Friday, November 19, 2010

A Note Concerning Saints Barlaam and Joasaph


By John Sanidopoulos

1. In the Greek listing of Saints, Barlaam is celebrated on May 30th, and Joasaph is honored on August 26th. His title is "Saint Joasaph, Son of Abener, King of India." In Georgia they were initially honored on May 19th together. In some Slavic sources, they are honored together on November 19th.

2. Icons of the two Saints are rare, but where they are both depicted they both have halos.

3. According to Prof. Rhys Davids: "When and where they were first canonized, I have been unable, in spite of much investigation, to ascertain." The oldest list of saints in which he finds the name is that of Petrus de Natalibus, Bishop of Equilium (1370-1400).

4. Despite contrary scholarly opinion, there is actually a good case the story of Barlaam and Joasaph was authored by the highly educated St. John the Damascene. For example, we know he did not object to writing about foreign extraordinary tales, such as we see in his studies on dragons and evil fairies or ghosts. He also defined man as "a rational animal, liable to death, and capable of intelligence and knowledge," whose bodily nature consists of "four elements: blood, phlegm, yellow bile and black bile". In the story of the Unicorn found in the tale of Barlaam and Joasaph, we find mention of dragons and these same four elements represented as serpents. Whatever the case, the tale of Barlaam and Joasaph certainly contains influence from John of Damascus.

5. The tale of Barlaam and Joasaph takes place in "the interior regions of the Ethiopians called India." Homer speaks of two Ethiopias, one towards the rising sun and one towards the setting of the sun. At the time of John of Damascus, it had this same extensive meaning, where Ethiopia could mean the majority of North Africa or even parts of Asia - it was designated by their darker skin. K.S. Macdonald writes about this and the historicity of the tale in her study The Story of Barlaam and Joasaph: Buddhism and Christianity:

"Alexander the Great expected to discover the source of the Nile in India. Shinar or Sennar figures largely in the story, as the place in whose desert Barlaam lived. Accepting Sennar as a country of which the writer had some correct idea as being around the upper reaches of the Nile and Blue Nile, we must conclude that the writer of Barlaam considered India not very far from the confines of Abyssinia which was regarded as part of Ethiopia. To this day the Abyssinians call themselves Ethiopians, thus connecting our Joasaph, prince of India, with Dr. Johnson's story of "Rasselas, or the Prince of Abyssinia". And it is here likely that we will find the truth in the story. When the Thebaid was crowded with hermits or monks, very likely a prince of Ethiopia was converted and betook himself to the desert after much persecution from his father, as described in the Barlaam story."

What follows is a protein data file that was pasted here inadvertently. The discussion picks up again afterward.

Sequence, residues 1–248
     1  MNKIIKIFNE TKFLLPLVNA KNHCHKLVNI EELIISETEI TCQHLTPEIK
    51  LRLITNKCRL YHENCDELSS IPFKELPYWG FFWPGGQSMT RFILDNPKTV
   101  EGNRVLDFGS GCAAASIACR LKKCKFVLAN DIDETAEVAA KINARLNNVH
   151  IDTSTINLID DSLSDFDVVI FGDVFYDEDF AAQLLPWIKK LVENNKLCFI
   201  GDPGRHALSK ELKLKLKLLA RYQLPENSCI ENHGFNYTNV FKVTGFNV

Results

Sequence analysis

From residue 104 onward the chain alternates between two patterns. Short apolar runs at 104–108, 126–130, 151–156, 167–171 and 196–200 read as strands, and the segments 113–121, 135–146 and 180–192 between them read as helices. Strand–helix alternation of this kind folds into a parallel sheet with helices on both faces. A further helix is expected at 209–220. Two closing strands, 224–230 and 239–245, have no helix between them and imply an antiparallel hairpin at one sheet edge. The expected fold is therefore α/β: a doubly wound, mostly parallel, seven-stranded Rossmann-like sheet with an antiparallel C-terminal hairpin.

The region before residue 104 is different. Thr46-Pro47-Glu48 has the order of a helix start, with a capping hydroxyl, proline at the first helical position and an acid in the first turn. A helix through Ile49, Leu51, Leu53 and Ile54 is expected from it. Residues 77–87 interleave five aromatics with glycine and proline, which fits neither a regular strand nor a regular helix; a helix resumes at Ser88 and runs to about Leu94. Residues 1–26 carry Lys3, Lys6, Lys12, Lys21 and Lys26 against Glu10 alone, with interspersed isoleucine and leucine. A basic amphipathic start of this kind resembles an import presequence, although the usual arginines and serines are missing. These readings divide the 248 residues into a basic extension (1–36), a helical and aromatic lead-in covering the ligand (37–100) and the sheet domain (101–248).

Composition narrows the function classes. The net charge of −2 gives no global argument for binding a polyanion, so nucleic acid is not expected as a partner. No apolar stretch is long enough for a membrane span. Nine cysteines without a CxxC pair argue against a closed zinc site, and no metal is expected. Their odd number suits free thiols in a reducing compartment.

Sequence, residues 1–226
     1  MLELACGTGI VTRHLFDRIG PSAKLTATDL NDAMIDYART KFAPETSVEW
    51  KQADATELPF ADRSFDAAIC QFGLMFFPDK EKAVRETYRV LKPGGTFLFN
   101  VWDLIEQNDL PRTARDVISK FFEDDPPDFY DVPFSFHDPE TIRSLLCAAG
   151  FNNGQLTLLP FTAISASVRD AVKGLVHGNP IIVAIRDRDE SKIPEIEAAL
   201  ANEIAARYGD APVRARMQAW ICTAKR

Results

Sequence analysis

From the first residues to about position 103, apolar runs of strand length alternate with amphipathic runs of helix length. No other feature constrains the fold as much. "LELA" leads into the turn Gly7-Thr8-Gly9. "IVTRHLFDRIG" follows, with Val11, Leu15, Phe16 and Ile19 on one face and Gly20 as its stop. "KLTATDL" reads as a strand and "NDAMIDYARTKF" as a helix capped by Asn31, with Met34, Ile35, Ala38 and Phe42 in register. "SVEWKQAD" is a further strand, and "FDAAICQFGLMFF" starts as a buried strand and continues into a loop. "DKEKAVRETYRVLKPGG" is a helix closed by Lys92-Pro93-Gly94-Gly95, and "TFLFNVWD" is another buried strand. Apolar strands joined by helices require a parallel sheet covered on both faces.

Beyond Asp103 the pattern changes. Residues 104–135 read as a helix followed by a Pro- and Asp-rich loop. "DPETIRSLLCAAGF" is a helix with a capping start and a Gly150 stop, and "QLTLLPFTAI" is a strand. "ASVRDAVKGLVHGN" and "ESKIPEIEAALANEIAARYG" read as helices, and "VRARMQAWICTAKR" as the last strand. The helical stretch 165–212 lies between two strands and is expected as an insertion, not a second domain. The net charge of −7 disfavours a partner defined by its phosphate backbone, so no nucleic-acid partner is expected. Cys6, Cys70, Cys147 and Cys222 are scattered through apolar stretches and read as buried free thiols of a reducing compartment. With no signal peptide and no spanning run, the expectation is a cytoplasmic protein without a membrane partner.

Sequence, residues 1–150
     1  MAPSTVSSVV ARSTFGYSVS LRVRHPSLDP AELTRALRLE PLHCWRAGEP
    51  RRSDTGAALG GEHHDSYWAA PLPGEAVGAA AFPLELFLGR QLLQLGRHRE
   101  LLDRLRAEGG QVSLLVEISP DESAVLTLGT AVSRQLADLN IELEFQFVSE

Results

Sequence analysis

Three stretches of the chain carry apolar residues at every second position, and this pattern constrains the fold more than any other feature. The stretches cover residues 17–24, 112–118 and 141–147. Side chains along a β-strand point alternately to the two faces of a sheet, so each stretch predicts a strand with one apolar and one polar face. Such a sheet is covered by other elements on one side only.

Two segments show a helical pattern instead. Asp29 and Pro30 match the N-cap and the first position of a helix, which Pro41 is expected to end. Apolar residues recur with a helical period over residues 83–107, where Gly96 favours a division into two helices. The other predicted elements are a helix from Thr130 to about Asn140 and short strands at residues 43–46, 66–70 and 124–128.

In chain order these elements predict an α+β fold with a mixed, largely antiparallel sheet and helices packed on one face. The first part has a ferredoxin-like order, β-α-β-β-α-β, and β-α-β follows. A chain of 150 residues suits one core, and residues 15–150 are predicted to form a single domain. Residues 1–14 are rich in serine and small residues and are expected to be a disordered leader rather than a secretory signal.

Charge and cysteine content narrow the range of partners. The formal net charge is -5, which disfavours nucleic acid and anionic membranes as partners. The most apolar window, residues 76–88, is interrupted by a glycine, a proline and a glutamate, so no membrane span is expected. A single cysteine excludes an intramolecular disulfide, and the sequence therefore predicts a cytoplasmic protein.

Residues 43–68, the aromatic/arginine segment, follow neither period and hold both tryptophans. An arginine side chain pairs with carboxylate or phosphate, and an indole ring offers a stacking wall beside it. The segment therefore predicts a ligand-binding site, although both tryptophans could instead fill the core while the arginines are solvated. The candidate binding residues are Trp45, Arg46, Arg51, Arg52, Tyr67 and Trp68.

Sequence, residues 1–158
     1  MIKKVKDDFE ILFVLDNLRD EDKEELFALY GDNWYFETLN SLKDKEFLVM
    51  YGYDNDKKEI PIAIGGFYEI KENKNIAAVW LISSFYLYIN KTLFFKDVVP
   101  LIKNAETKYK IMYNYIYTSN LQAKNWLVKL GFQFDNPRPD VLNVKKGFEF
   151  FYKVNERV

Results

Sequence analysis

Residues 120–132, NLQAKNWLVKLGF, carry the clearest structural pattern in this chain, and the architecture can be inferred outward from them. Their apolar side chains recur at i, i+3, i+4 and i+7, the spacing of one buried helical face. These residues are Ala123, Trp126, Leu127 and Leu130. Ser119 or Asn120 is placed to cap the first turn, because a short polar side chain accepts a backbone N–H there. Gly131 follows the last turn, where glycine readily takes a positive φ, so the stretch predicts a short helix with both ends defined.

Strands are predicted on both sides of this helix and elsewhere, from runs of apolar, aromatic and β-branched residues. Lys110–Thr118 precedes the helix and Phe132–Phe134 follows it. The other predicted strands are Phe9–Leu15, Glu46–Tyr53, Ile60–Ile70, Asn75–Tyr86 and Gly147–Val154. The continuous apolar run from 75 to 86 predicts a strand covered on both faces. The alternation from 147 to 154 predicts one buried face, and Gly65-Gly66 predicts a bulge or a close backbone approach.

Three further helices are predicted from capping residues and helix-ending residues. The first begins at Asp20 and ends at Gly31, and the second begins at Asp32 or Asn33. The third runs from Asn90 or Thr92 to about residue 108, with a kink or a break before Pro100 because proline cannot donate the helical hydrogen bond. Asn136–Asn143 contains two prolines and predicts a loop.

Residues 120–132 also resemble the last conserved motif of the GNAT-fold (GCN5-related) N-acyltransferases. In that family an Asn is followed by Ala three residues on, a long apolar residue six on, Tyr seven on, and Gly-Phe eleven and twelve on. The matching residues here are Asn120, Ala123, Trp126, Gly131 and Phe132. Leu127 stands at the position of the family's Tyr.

6. A hypothetical evolutionary explanation of the name Joasaph is as follows: The original name 'Buddha' or 'Bodhisatta' in Sanskrit, turned up as 'Bodisav' in 6-7th century Manichean literature in Ancient Persian, which in turn appeared as Budahsaf in 8th-century Arabic literature, which turned into 'Iodasaph' in 10th-century Georgian literature (perhaps by influence of John of Damascus in the 8th century, who spoke Arabic). At least from 11th-century Greek literature, it showed up as a Christian monk 'Ioasaph,' which finally became the Christian Saint 'Josaphat' in Spain. In the Latin Church, Joasaph is known as Josaphat.

7. Though there are similarities between the tale of Joasaph with that of Buddha, this does not negate the historicity of either figure, but only shows a similarity in the origin of the tales. Though it is true the early story of Joasaph is colored with imagery from the life of Buddha, the latter part of the story is similarly colored by the life of St. Thomas the Apostle and St. Anthony the Great. And the theology of the story is influenced by John of Damascus, and the entirety of the "Apology" of the Athenian Philosopher Aristeides is contained within. The lives of Barlaam and Joasaph are primarily told as a literary tale with the seeming purpose of catechizing those of the Far East with a familiar tale. This was often done by ancient writers to steer a story of what may have elements of truth towards a higher didactical purpose.

8. Evidence points to the fact that the first Christianized adaptation was the Georgian epic Balavariani dating back to the 10th century. A Georgian monk, Euthymius of Athos (May 13), translated the story into Greek, not John of Damascus, some time before he was killed while visiting Constantinople in 1028. There the Greek adaptation was translated into Latin in 1048 and soon became well known in Western Europe as Barlaam and Josaphat.

9. Wilfred Cantwell Smith traced the story from a second to fourth-century Sanskrit Mahayana Buddhist text, to a Manichean version, to an Arabic Muslim version, to an eleventh century Christian Georgian version, to a Christian Greek version, and from there into Western European languages. He traced Joasaph's name from the Sanskrit term bodhisattva via the Middle Persian bodasif (Georgian Iodasaph, Arabic Yūdhasaf or Būdhasaf.










Greek manuscript of Barlaam and Joasaph, Iveron Monastery, Mount Athos, No. 463, around 12th century. It depicts the scene where Joasaph announces the abdication of his throne to start his monastic life.

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